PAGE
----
By HHR editorial assistant Krista Oehlke

Posted September 5, 2013

A female doctor with the International Medical Corps examines a

The World Health Organization has called for continued investment in local and global research toward the advancement of universal health coverage. “World health report 2013: Research for universal health coverage” follows a UN resolution made in December 2012, which encouraged governments to fortify universal healthcare as part of the international agenda.

The report emphasizes continued domestic involvement in research in order to address country-specific needs. Through an abundance of evidence, it reveals the benefits of creativity and innovation in the changing research landscape, and lays out 12 case studies that “illustrate the diversity of problems for which research can offer solutions.” These case studies also demonstrate how evidence-based research can guide health policy and practice.

The final chapters suggest methods for improving implementation, making the case for increased transparency and accountability in research funding and strengthened research in academic centers and public health programs. National governments and international donors can also play a role in bolstering research training and institutions.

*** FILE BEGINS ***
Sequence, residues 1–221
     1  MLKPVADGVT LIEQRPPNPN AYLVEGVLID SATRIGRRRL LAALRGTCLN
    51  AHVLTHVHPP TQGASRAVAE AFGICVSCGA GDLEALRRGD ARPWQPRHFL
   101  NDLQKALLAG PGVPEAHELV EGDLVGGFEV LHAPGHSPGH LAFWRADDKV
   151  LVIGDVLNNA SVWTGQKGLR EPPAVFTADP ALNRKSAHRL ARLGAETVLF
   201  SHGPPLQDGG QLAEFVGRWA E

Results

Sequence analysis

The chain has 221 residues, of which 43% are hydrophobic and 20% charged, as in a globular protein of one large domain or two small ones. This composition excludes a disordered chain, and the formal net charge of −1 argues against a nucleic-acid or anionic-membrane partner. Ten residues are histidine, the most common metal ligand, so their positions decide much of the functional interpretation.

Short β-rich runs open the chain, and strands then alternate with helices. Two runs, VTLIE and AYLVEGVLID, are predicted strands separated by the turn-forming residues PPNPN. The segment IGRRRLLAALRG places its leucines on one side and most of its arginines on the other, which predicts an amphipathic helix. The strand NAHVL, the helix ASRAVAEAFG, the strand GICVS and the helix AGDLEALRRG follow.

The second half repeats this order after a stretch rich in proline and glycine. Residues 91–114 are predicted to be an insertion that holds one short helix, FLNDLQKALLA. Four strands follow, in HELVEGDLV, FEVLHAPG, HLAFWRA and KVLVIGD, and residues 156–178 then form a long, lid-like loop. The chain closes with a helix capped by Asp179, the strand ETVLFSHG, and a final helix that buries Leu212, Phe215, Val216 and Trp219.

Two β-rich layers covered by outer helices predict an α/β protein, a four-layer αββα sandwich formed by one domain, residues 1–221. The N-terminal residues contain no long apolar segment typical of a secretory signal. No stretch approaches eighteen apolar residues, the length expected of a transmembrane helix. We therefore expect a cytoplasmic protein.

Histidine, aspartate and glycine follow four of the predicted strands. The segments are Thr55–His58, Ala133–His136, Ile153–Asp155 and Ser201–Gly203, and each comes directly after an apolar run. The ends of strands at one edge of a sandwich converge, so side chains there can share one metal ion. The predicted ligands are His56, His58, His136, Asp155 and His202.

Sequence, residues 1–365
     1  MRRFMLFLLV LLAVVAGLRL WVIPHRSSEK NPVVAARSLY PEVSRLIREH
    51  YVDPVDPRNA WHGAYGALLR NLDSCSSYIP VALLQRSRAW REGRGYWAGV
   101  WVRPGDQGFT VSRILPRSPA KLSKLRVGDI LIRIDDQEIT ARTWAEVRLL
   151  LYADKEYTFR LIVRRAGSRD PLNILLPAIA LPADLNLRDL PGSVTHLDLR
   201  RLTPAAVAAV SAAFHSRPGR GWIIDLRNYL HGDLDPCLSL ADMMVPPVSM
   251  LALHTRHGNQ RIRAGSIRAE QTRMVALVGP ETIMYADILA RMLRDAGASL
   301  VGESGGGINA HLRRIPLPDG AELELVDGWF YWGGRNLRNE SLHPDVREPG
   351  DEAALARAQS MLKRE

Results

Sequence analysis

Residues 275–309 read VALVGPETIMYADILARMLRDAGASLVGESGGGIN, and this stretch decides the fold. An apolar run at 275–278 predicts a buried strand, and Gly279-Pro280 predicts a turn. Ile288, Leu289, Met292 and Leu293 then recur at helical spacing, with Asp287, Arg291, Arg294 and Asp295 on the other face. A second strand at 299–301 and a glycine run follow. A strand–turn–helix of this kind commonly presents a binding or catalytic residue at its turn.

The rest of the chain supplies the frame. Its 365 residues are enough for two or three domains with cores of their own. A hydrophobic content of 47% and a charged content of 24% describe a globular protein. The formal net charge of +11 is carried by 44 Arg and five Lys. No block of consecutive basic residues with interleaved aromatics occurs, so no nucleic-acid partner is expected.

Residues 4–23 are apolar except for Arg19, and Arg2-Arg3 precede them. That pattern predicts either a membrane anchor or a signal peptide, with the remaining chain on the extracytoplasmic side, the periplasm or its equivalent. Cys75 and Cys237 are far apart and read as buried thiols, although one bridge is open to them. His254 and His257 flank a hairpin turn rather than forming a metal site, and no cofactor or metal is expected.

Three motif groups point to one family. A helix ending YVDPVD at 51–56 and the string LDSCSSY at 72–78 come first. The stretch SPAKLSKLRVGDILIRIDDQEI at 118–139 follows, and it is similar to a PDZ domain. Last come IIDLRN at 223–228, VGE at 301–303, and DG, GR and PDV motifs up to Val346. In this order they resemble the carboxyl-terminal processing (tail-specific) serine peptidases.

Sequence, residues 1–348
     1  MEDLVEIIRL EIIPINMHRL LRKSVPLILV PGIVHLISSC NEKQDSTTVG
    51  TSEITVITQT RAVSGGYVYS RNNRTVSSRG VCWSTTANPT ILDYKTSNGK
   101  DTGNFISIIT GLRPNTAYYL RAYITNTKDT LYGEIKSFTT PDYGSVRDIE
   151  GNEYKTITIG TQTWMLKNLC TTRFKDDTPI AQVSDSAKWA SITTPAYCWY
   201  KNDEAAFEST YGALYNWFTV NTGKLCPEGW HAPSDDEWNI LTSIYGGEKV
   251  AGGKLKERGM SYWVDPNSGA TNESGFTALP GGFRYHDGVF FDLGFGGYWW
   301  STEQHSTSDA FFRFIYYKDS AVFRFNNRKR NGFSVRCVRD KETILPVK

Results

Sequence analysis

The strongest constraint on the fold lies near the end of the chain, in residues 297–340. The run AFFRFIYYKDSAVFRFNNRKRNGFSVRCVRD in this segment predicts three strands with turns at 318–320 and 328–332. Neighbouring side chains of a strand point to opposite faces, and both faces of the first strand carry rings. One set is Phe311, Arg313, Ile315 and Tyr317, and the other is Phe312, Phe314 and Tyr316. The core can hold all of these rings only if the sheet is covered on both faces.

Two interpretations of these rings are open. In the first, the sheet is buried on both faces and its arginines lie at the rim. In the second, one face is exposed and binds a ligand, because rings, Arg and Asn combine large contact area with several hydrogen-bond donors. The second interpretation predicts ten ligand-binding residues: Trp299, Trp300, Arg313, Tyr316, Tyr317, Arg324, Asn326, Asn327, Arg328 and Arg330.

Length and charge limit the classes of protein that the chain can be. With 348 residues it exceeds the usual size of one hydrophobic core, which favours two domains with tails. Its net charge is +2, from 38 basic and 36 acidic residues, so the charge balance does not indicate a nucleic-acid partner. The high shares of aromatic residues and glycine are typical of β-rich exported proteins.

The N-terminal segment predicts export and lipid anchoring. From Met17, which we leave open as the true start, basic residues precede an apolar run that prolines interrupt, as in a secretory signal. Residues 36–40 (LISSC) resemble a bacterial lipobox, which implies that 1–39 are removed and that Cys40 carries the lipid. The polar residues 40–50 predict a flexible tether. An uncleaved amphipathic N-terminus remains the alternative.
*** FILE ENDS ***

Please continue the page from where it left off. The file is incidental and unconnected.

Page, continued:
WHO Director-General Dr. Margaret Chan has previously deemed universal coverage “the single most powerful concept that public health has to offer.” At the report’s launch in Beijing, China, she said, “Universal coverage is the best way to cement the health gains made during the previous decade. It is a powerful social equalizer and the ultimate expression of fairness.”

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Photo by DFID – UK Department for International Development [CC-BY-2.0 (http://creativecommons.org/licenses/by/2.0)], via Wikimedia Commons

 
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